The controversy created by the introduction of the public sector rules in April this year, could have understandably led many to believe that IR35 enquiries in the private sector had taken a bit of a back seat. This however seems not to be the case at all, and Qdos Contractor have been notified of a number of new IR35 enquiries over the last few weeks.
It’s important to remember that contractors who work in the private sector are unaffected by the changes to IR35 within the public sector and may operate in the same way as they always have. The new rules will only affect contractors working for public sector organisations who fall under the Freedom of Information Act. Rumour has it that the public sector rules will eventually be introduced into the private sector too, but right now, this has not been officially confirmed.
In addition to the number of IR35 enquiries we’re being notified of, what is also interesting is that there seems to be a move back to old ways of encountering difficult status inspectors, combined with an unwillingness to accept evidence provided.
We are currently defending a client who has an extremely strong case, where crucial supporting evidence has been provided by the end client, which confirms the existence of a lack of control by the end client over the provision of the services, that the contract has a genuine right of substitution and a clear lack of mutuality of obligation. The evidence provided by the end client is supported by case law and we would expect that based on this evidence (in addition to other more minor supporting evidence) the case would be closed in favour of the contractor.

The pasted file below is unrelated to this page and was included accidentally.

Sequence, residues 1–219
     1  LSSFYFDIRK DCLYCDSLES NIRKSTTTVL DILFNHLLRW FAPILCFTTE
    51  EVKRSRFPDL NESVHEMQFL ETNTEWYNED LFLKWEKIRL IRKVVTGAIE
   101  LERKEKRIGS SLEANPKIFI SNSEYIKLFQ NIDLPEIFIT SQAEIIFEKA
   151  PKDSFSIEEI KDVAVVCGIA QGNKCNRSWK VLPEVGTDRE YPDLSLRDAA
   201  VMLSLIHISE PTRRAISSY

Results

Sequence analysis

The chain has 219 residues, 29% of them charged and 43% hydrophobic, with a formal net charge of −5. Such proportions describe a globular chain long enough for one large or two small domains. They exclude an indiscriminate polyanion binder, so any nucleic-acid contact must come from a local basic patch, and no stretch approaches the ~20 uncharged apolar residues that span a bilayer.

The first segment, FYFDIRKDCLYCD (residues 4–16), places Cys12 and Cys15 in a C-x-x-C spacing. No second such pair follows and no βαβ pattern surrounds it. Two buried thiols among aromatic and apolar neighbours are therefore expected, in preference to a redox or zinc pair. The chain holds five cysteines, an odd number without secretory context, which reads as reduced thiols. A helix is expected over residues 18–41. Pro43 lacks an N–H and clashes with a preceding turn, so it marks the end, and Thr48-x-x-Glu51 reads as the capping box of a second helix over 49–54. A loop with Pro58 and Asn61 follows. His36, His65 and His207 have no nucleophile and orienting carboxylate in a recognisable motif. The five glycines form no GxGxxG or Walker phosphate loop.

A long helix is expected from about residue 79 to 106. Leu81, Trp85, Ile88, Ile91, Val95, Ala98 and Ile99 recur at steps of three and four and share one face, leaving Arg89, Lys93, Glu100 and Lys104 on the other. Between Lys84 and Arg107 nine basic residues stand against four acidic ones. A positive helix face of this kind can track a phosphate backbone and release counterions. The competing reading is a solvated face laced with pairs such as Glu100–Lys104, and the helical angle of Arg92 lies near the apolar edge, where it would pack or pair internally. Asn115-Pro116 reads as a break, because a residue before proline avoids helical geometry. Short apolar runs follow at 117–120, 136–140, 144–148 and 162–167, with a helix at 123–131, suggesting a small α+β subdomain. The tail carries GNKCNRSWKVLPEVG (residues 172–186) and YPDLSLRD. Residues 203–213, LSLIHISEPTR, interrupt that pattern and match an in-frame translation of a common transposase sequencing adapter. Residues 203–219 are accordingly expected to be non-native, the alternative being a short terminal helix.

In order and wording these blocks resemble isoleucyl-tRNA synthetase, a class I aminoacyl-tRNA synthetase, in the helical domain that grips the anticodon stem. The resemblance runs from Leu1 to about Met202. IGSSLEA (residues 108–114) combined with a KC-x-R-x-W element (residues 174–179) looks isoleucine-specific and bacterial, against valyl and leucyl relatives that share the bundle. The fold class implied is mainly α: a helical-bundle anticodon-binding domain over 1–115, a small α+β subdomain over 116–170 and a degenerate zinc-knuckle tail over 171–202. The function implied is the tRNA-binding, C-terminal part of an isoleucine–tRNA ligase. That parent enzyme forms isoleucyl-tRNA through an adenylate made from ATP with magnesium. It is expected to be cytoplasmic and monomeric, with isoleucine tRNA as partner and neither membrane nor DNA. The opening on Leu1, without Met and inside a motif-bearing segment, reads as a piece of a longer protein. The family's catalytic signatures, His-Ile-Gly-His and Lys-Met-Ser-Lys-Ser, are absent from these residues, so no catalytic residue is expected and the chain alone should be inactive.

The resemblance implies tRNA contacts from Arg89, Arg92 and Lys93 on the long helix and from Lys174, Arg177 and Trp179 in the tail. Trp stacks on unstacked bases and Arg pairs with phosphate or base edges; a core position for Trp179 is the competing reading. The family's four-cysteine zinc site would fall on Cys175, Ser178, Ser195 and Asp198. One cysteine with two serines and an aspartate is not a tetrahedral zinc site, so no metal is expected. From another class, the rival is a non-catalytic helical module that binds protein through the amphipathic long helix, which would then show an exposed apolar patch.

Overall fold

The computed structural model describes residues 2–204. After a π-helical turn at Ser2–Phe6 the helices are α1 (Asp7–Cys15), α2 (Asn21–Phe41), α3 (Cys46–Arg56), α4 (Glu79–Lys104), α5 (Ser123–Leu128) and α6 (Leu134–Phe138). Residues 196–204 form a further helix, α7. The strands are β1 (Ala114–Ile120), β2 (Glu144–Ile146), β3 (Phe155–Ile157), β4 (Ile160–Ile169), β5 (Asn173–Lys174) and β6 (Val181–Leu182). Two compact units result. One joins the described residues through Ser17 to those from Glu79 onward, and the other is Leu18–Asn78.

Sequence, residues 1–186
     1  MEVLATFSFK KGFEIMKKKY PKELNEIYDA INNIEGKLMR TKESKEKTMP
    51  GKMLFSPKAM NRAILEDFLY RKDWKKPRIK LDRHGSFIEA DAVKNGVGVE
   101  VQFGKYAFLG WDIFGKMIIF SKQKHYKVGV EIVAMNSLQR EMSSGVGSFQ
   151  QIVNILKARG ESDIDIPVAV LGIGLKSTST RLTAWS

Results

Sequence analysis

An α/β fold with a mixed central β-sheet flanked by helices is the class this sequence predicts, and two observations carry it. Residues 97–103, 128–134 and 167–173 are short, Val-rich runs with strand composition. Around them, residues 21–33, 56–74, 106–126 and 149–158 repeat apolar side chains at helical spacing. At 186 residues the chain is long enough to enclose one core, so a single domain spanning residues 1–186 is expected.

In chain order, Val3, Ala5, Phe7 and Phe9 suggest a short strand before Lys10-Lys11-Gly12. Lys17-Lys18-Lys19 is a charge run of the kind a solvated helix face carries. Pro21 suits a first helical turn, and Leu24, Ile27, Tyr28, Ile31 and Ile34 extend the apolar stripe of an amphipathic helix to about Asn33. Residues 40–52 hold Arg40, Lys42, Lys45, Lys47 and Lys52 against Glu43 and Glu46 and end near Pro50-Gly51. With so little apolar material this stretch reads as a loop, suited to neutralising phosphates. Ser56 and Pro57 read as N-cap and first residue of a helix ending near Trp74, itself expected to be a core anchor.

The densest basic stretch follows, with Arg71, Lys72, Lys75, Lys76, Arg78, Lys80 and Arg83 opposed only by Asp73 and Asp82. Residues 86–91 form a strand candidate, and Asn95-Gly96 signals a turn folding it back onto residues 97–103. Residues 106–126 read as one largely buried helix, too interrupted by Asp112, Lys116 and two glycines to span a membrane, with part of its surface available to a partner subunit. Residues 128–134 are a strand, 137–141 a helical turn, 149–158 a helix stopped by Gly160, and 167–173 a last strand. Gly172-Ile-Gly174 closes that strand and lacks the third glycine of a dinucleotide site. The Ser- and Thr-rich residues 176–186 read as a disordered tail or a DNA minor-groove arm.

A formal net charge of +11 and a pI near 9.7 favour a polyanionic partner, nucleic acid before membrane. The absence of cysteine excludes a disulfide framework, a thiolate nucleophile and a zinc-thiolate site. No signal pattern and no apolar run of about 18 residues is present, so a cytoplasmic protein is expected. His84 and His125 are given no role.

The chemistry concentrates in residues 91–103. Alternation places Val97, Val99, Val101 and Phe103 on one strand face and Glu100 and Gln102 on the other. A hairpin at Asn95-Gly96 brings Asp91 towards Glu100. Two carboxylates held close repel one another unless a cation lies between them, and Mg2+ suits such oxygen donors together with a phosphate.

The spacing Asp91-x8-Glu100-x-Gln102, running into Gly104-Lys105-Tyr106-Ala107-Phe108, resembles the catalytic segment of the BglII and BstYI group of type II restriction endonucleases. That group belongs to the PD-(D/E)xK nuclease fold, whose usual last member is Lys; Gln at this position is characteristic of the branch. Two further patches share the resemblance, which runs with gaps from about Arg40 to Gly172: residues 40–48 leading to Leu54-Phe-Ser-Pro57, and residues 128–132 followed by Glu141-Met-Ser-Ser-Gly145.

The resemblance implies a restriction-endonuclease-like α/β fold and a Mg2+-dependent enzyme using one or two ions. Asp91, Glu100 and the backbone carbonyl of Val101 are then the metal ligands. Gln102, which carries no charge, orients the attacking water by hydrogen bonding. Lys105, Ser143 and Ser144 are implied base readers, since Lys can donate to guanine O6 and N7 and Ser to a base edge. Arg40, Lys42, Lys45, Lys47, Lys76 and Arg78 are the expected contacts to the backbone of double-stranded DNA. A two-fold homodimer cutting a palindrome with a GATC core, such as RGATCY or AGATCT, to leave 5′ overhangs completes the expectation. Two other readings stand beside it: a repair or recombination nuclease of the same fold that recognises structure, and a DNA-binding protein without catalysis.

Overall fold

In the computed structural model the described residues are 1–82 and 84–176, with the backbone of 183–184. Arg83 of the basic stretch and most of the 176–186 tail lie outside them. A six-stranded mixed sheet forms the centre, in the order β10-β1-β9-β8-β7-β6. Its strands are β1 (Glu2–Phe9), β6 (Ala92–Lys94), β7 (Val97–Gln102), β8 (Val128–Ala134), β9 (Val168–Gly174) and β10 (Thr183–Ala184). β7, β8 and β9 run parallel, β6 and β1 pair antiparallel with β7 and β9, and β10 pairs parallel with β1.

However, the Inspector dealing with the enquiry has refused to accept the evidence, instead needlessly submitting further questions to both the end client and agency, seemingly in an attempt to seek out contradictory information. The case is now going down the route of an internal review, despite the evidence, which clearly demonstrates that IR35 does not apply to the contract in question.
In the early days of IR35, such practice was fairly common with the length of time defending an IR35 enquiry in part being down to which HMRC Inspector would be dealing with the case. The ‘IR35 Forum’ was introduced in 2011, which followed the publication of the Office of Tax Simplification’s (OTS) review of Small Business Tax, and in 2012 a new approach for the administration of IR35 was to be piloted, one of the aims of which was to close enquiries much quicker – particularly where there was a low risk of IR35 applying.
IR35 Forum meetings were held every quarter but interestingly enough, the forum has gone particularly quiet and there do not appear to have been any forum meetings held since September 2016….
IR35 enquiries are still very much present despite the focus on IR35 in the Public Sector and implementing the new rules. The changes along with constant rumours regarding IR35 in the private sector, seem to have reawakened HMRC’s campaign, certainly with some Status Inspectors at least.